A true cyclocross bike has very little in common with a touring bike.  Don't confuse the two.  See this post from someone who has owned many CX bikes, owns a big shop, has led tours in Europe, and raced for decades.  He's a little bit abrasive but really knows his stuff.  The link should land you on the post starting with the quote, "Where can I get some good information?" and then his longish answer about the differences between true cyclocross bikes and touring bikes.

Secondly, please be aware that the distributor you mentioned is by far the most disreputable of all the distributors I know of.  There have been too many horror stories with them.  It always looks inviting up front, but then it's too often that you get something wrong, right out of the box, and zero customer support.  It not always but often turns out costing more than it would have if you had just done it right, and being a big frustration.  bikesdirect is one of the very worst offenders.  They do have some happy customers, but a disproportionate number of ones who are angry over false advertising, bad paint, bait-and-switch, no customer support, bad assembly, etc..  One person wrote on the above-mentioned forum that he got a bike from them whose frame was cracked right out of the box-- never ridden.  Another one tells of his vacation ruined because they delivered a problem bike and wouldn't follow up.  It has been a hot topic in past years.  Until recently their BBB rating was "Unsatisfactory" because of so many unanswered customer complaints.  I would never send a friend to BD.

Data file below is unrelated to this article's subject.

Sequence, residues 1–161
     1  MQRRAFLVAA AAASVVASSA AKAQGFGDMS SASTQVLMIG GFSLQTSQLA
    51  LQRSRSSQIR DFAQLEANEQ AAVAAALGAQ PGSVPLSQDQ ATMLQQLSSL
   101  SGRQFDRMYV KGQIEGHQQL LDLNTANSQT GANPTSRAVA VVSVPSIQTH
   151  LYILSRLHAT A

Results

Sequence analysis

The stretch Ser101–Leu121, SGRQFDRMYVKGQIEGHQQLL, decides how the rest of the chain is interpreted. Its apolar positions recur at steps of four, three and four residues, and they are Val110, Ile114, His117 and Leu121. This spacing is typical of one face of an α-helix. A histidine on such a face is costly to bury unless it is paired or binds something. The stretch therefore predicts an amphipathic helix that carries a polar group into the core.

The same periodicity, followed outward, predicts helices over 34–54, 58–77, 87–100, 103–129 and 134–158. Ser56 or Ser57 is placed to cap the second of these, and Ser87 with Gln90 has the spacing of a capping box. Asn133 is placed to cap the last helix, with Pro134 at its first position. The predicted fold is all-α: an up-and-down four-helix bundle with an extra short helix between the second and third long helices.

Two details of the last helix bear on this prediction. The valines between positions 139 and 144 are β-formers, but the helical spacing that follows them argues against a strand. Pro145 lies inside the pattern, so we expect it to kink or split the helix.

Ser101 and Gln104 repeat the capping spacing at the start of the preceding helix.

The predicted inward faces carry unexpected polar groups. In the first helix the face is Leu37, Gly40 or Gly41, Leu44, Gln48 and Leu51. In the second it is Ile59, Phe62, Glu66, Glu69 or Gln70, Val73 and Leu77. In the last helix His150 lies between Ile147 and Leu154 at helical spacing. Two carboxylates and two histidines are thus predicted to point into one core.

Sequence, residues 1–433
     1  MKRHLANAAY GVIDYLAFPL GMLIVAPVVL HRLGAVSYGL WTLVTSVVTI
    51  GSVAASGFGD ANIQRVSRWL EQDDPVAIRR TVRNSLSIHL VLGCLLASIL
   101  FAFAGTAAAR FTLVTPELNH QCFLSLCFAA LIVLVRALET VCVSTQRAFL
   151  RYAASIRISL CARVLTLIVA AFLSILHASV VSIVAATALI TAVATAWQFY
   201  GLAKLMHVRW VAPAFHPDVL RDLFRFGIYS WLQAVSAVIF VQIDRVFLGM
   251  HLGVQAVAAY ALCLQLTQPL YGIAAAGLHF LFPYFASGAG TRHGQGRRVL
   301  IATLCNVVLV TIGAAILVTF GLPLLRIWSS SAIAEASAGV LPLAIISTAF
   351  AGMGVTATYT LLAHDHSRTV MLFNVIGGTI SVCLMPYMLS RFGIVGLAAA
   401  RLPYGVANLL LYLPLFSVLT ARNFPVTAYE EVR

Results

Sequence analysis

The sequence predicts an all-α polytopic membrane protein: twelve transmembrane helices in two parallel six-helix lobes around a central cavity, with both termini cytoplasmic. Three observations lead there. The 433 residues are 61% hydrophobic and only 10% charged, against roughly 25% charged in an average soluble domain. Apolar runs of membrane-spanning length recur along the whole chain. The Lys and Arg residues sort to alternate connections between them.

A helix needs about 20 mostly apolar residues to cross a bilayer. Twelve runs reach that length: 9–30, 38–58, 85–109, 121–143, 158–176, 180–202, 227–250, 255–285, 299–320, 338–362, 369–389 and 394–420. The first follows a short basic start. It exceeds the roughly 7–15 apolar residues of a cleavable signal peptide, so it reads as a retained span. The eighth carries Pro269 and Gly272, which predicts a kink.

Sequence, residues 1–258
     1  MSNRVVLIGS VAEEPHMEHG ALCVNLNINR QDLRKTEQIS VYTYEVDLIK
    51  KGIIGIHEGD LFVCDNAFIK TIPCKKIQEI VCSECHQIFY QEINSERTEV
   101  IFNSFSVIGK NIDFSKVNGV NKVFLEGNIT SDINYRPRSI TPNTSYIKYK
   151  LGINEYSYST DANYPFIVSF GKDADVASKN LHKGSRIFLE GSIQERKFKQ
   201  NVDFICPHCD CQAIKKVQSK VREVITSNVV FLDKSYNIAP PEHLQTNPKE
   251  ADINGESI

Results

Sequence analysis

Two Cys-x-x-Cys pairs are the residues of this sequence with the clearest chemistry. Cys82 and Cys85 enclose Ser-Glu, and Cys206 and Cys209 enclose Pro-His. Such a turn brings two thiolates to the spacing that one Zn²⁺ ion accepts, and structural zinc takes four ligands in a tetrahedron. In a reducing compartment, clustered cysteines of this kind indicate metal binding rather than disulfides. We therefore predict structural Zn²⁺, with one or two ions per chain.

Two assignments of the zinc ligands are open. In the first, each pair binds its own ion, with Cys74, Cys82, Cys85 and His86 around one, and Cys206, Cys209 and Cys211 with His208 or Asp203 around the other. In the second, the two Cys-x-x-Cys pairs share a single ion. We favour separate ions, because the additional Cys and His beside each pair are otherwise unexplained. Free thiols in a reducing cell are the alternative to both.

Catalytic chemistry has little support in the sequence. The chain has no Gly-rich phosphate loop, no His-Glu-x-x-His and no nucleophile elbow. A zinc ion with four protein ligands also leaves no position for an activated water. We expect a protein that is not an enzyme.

I am not too fond of handlebar end shifters; however, I have been told they are easier to field service.  Although I have ridden thousands of miles without field servicing STI shifters on road or tri bikes.